You are now entering the Jewish Currents archive.
by Maya Rose Goldman Maya Rose Goldman is a third-year student at the University of Chicago, where she studies Human Rights, Anthropology, and Arabic. After a visit to Palestine in the Spring of 2012, she became passionate about understanding the situation in the Occupied Territories and the relationship between Israel and Palestine. In August, she returned to the West Bank to study at Birzeit University, from where she has been writing these letters. October 24 MISCONCEPTIONS AND MISUNDERSTANDINGS Last week, the New York Times published an article called “More American Jewish Students Take Up Study of the Arab World.” After reading it, I found that several of the points that were made relate directly to the experiences I’ve been having here. I’d like to share some of my reactions to the article. One paragraph particularly struck me, and I will repost it in its entirety here:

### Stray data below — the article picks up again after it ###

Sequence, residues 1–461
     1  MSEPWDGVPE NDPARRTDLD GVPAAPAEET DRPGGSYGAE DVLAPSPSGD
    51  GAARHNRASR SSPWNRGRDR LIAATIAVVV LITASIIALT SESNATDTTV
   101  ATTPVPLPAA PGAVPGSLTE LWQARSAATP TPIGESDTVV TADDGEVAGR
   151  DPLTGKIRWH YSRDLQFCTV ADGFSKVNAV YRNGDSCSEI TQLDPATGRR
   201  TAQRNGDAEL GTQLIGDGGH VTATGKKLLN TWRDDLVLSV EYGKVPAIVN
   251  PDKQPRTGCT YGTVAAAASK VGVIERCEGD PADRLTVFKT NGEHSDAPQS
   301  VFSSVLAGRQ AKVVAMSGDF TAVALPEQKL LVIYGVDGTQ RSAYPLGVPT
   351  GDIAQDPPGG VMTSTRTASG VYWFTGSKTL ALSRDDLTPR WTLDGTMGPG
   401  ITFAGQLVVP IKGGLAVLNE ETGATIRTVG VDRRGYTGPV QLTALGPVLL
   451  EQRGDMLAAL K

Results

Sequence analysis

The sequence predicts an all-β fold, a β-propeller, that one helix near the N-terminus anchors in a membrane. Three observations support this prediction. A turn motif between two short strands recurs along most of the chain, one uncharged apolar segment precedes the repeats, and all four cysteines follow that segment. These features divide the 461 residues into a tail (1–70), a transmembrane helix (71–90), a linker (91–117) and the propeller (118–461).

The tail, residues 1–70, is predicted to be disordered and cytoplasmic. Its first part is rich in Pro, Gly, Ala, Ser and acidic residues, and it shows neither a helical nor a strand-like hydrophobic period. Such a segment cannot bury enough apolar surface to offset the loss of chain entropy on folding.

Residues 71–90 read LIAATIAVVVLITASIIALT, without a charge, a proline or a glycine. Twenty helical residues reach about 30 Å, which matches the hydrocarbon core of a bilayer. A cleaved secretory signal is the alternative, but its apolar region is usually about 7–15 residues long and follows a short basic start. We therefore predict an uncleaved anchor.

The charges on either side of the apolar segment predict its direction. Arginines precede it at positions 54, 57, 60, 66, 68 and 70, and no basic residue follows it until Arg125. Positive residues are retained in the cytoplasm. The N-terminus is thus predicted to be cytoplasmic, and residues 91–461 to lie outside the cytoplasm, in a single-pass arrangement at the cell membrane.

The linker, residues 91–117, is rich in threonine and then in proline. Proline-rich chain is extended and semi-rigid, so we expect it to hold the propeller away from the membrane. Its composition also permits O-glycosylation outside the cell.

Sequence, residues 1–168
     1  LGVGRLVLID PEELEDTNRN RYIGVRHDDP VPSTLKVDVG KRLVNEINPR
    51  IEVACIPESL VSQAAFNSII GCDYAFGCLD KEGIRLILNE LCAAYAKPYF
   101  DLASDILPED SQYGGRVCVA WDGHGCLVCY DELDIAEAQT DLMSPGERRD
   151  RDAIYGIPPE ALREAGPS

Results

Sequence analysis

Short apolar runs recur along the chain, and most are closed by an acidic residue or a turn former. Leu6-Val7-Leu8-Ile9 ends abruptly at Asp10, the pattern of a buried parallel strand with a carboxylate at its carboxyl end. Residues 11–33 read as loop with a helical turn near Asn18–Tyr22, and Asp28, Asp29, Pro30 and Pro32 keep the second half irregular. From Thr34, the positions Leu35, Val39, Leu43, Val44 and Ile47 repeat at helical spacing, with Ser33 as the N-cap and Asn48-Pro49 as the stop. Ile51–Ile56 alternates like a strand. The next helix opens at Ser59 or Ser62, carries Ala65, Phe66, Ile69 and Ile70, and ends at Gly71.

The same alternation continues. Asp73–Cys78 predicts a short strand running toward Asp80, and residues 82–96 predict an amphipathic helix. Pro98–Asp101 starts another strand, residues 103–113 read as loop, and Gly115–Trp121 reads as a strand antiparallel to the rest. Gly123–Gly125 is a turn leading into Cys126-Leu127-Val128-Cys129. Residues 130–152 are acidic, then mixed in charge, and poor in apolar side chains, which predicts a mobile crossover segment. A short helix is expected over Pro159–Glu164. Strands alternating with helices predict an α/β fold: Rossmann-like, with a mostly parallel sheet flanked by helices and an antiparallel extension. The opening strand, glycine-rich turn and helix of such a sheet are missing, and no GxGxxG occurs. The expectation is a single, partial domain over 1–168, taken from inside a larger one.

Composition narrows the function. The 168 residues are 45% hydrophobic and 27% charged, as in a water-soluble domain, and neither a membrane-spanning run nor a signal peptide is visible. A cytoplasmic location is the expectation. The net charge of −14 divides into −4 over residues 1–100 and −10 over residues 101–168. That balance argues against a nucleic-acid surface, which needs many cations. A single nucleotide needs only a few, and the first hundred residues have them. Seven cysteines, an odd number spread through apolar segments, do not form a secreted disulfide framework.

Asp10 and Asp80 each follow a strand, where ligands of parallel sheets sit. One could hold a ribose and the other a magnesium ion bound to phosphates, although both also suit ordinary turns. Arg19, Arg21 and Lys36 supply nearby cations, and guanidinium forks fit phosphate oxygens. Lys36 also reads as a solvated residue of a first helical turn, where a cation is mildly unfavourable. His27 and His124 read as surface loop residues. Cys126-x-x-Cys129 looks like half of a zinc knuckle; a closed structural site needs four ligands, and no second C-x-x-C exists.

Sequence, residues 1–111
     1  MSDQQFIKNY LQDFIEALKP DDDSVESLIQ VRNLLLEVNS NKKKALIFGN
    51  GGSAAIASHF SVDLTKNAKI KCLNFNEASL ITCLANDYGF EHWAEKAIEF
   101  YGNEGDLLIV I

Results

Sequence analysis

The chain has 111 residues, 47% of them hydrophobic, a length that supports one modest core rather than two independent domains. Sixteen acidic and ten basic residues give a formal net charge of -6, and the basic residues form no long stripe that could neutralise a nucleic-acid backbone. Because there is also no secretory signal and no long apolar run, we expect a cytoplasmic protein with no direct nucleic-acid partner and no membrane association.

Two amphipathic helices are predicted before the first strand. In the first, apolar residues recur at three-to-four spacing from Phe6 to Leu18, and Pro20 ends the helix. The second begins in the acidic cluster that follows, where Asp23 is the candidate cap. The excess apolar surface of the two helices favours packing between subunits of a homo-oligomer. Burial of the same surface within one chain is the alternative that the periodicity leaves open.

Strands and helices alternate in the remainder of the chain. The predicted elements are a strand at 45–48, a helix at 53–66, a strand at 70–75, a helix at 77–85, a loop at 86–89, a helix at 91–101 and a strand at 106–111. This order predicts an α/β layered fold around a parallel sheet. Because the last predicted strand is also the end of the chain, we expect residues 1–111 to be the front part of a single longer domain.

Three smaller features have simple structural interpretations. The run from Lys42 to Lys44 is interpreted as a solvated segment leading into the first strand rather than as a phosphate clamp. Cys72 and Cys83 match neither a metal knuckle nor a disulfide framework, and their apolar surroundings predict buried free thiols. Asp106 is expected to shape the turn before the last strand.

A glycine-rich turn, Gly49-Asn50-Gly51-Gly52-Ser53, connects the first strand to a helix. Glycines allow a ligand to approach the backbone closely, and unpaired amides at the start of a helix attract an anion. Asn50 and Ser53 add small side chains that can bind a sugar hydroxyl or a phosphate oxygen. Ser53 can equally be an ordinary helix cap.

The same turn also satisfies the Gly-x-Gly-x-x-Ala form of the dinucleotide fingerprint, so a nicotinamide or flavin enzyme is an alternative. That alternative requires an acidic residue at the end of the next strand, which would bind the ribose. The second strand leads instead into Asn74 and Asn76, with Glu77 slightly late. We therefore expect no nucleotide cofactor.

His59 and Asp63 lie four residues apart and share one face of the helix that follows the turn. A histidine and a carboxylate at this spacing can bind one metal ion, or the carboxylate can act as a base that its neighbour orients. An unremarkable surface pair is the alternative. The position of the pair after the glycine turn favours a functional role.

The same young people who contend that Americans have simplistic views of the Arab world say the problem is worse in the other direction: grinding poverty, lack of education and government-controlled news media often translate to cartoonish images of the United States and Israel. In Cairo, especially, women face daily sexual harassment, and for Western women, the problem is magnified by exaggerated assumptions about their sexual permissiveness.I have found this sentiment to be very true here in Palestine. Not only are Americans, or “Westerners” in general, predominantly informed about the Arab world through media, but people in the Arab world — sometimes even those who have visited the United States — tend to base their perceptions of the U.S. on what they have seen in movies. Such misconceptions of American life can be as harmless as people assuming that I live in an extremely dangerous country in which everyone walks around with a gun in their pocket (side note: when there were gunshots on my street last month — no one was injured — my landlady said to me, “It’s just like Manhattan here!” I told her that I had lived in Manhattan for years, but that this was the first time I had heard gunshots) — and unfortunately, all of the recent and quite tragic school gun violence has only made this perception worse. Although such comments are commonplace, what I have experienced much more often is harassment solely due to the fact that I’m a “Western woman” — and this is something that almost every woman, if not every woman, in the program has faced. There are varying degrees of harassment, beginning with the stares on the street. I don’t mean the obvious, ”Look, a foreigner!” stares; no, I mean the stares that make me feel as if I am nothing more than a sexual object. I can feel the stares follow me even once I’ve walked past the ogling person or group. Some people will also heckle, both in Arabic and English, and it is becoming harder and harder to ignore these comments and continue forward without even a glance in their direction. Men — and let me emphasize that it is only men who stare; I have not once noticed a woman here staring at me, which makes it fairly evident that I am a spectacle not because I am a foreigner, but because I am a female foreigner from a Western country where women are presumed to be loose and easy — in cars will often slow down as they drive by me so they can make move at my walking pace and make comments to me directly before they drive off. One man even tried multiple times to convince me to get into the car with him — why he thought this tactic would work is beyond me. My roommates have been experiencing harassment, as well. One of my roommates used to go to a particular bakery near our apartment, and the first time she went, the young man working there spoke to her in Arabic about how people have sex in casinos in the United States. The next time she went, he said to her repeatedly, in English, “Do you like sex?” She was so offended and so infuriated that she stormed out and hasn’t returned since. When she mentioned these encounters to our landlady in casual conversation, our landlady’s facial expression immediately changed and she began to yell that such behavior is completely inappropriate and surely this boy is not from Birzeit, because Birzeit boys are well-behaved. She said, “I would have kicked his ass and then cut off his balls.” She told us that if this boy had spoken to a Palestinian woman this way, the police would have been called and he would have been arrested. She even called her brother to tell him what happened and encourage him to do something about it. This street harassment is fairly manageable, but it becomes much more difficult when the harassment is more explicit and direct. I would like to share two or three examples to illustrate what I mean by this, the first of which is a situation involving my other roommate. During our first week in Palestine, she met four young men who all work at the circus school in Birzeit and who also all live together in the same apartment. Since then, she has become good friends with all of them, and we have had several dinner parties at their apartment. She is closest with Nuur, with whom she occasionally does a language exchange (one hour of French, one hour of Arabic). Until last week, not one of these young men had flirted with her or made any advances, which is surprisingly unusual — it is almost impossible to find a male conversation partner who doesn’t try to get more out of the relationship, and finding male friends can be just as difficult. However, last week, just two days after my roommate and her boyfriend split up, one of Nuur’s roommates sent her a message asking her if she would be interested in having a sexual relationship with him now that she was single. My roommate was so hurt and upset. This was someone she thought she was genuinely friends with, but now she felt as though he had been viewing her as a potential sex partner since they met two months ago. He spoke to her not as a person with feelings — one of which was currently “heartbroken” — but as an object easily passed from one person to the next. It is events such as this that make it extremely difficult to trust men here while getting to know them; each one of us has had a supposed friend suddenly reveal his intentions, and it’s a very upsetting experience to feel so objectified and undervalued. I had to stop meeting with a male conversation partner last week after he spent an entire day hitting on me and trying to touch me, despite my clear discomfort and rejection of his advances — and my mention of my boyfriend had no effect on this man’s behavior, either. He was the best conversation partner I’d met with so far, so it was a disappointing loss and I was eager to meet someone else to work with. Thus, when a Birzeit student walked into the classroom where I was working between classes on Monday and asked me if I’d like to do a language exchange with him, I couldn’t say yes quickly enough. Rafat sat down next to me and we began to chat, and for the first few minutes, there were no obvious red flags. He mentioned that he had visited his brother in Kansas last year and really wanted to visit the U.S. again after graduating because “it’s so much better than Palestine.” After about ten minutes of harmless conversation, though, Rafat somehow found his way to the topic of sex. I will not go into all the details of the conversation here, because Rafat asked me a number of questions that were so crude and personal that I would have been uncomfortable even if they had been asked by a close friend that I hadn’t just met minutes before. He also made several offensive comments about my relationship, and he couldn’t understand why I didn’t have a second boyfriend in Palestine if my first boyfriend was all the way back in the United States — or why I didn’t think my boyfriend was seeing other girls while I was here. The more inappropriate comments he made, the angrier I became, but Rafat tried to reassure me by saying, “I’m just trying to learn more about American culture.” No matter how many times I told him that although many Palestinians seemed to think all American women are inherently “easy” or “loose,” but in reality everyone is different and there is no one American culture — and quickness to have sex is not the defining point of any culture — Rafat could not seem to understand or accept this. Instead, he responded with, “When I was in Kansas, I went to a club and I asked a girl if she wanted to come back to my place to smoke hookah and make sex, and she did.” His assumption was that all American women would have done the exact same thing. I didn’t hesitate to tell him that I probably would have slapped him in the face. After an hour of this, I finally told him I was done talking to him and I left the room. I was so infuriated, so hurt, and I had not felt so objectified and belittled in years. Whenever I express anger about this event or others like it, my friends and colleagues here tell me to just get used to it, “it’s the culture here.” But I refuse to accept that. How can it be Palestinian culture for men to assume all Western women will jump into bed with them if they just stare at them in a particular way (although this is what many American movies would suggest)? That can’t be culture, can it? It is easy to argue that because this is a fairly religious country, many younger or unmarried people likely feel repressed, but why do they feel it appropriate — or welcomed, for that matter — for them to release this repression on women from the United States or from European countries? I also like to see the best in people, but that approach has been strongly challenged here, where I feel forced to assume that all men are sex-obsessed jerks until I’m proven wrong. This is not a healthy way to interact with people, but I’m not sure how else to approach the situation. Somehow, in the two months I’ve been here, I can probably count on one hand the number of men I’ve met who have not made me uncomfortable but who have instead treated me as a real person to whom they are genuinely interested in talking — just as I am genuinely interested in talking to them. I’m sure many women have experienced similar frustrations in their travels and it is not confined to Palestine; if anyone has suggestions for how to handle some of these situations or navigate the sometimes intense sex discrimination, I would greatly welcome that. I would briefly like to change gears now and focus on another aspect of that recent NYT article, particularly the following line: “Many Jews avoid revealing their religious identity in the Middle East, believing that it would put them at greater risk.” Professors and acquaintances alike continuously reassure us that they have nothing against Jews, it is the Israelis — particularly the government — who have wronged them. However, this doesn’t change the fact that people here often use “Israelis” and “Jews” interchangeably, nor does it make me more comfortable speaking about my Jewish heritage with people I meet — and it comes up more often than one might expect, as I am often asked if I am Christian; it does not cross most peoples’ minds that I might possibly be Jewish. I know that telling people my family is Jewish would make them look at me differently, perhaps because they have negative feelings about Jews — perhaps without even realizing it — or perhaps because they think I’m studying Arabic because I’m Jewish, or perhaps for another reason entirely. I don’t think my decision to study Arabic was influenced by my cultural background, although I will never forget my slanted “history” lessons from Hebrew and Torah School, nor will I forget my mom’s insistence that Birthright was a brainwashing experience. I also am unable to forget a conversation I had in high school with a close friend who was Jewish and who, in 2009, could not have a conversation with me about Israel’s attack on Gaza further than “They deserve it.” This conversation had an incredible impact on me, and it was probably after that that my interest in Palestine and Israel really developed. So perhaps Judaism was involved in my decision to start studying Arabic in college because I had these specific experiences so rooted in my mind and informing my choices, but I don’t think it was initially about promoting greater understanding between peoples through communication. After I visited Palestine for the first time in 2012, though, that definitely changed — as did my relationship with Judaism. It was so hard for me to witness what was being done in the name of “protecting the Jewish people,” and possibly in the name of Judaism in general, especially because I knew that I didn’t agree with many of Israel’s policies and I knew that there were Jews around the world who felt the same way. I felt as though Israel had become the representative of Jewish opinion and Jewish life in many peoples’ minds, and I was so upset by that. I began to feel distanced from Judaism, even more so than I’d felt before my trip, perhaps because being Jewish had all of a sudden become incredibly complicated and I didn’t see where I fit in with it anymore. Some may view this as unfortunate or a loss, but I’m at peace with it. I still feel very connected to my childhood involving weekly trips to synagogue for Shabbat services and Torah School, and I am absolutely grateful for it. In all honesty, the only times I start to think about where I stand with Judaism today are when I visit Palestine and Israel — but even then, I tend to only think about it for a few days. Recently, though, I was pushed to consider my relationship with Judaism in a different context. Earlier this month, Lawrence Bush, the editor of Jewish Currents — which is described as a “progressive, secular Jewish magazine” — began to publish my blog posts on the “Blog-Shmog” section of the magazine’s website. I was initially very excited about this opportunity because it would allow me to enter into conversations with a wider audience — and likely an audience with a variety of perspectives to share. I also knew that some of these perspectives would probably be critical of my posts, although I am admittedly surprised at times by the extent of the criticism. However, there has also been some incredible support, and I appreciate the diversity of the reactions and of the Jewish Currents community. This is the closest I’ve been to being part of a Jewish community in several years, and I’m honestly not sure how I feel about that yet. There were times in high school when I felt I wasn’t “Jewish enough” to be part of certain crowds or conversations, and I hope that sensation doesn’t return as a result of my posts being on Jewish Currents. My aim is to be able to share my experiences without my words being read through a filter of “This is a Jewish person saying this.” This is not limited to Jewish Currents, though; in my daily life I tend to not bring up my Jewish background in conversations because I don’t want people to understand me differently or react in a certain way due to my Jewish heritage. I don’t think I’m writing from a Jewish perspective — my roommate, however, just told me she thinks the way I speak and act is very informed by Judaism — but rather from a desire to hear and share often passed-over stories. I am trying to remain open-minded, to remember that all parties involved here have made mistakes and have treated others inhumanely, and I hope readers know this about me and know that I don’t accept that one country is simply The Aggressor while the other is The Victim.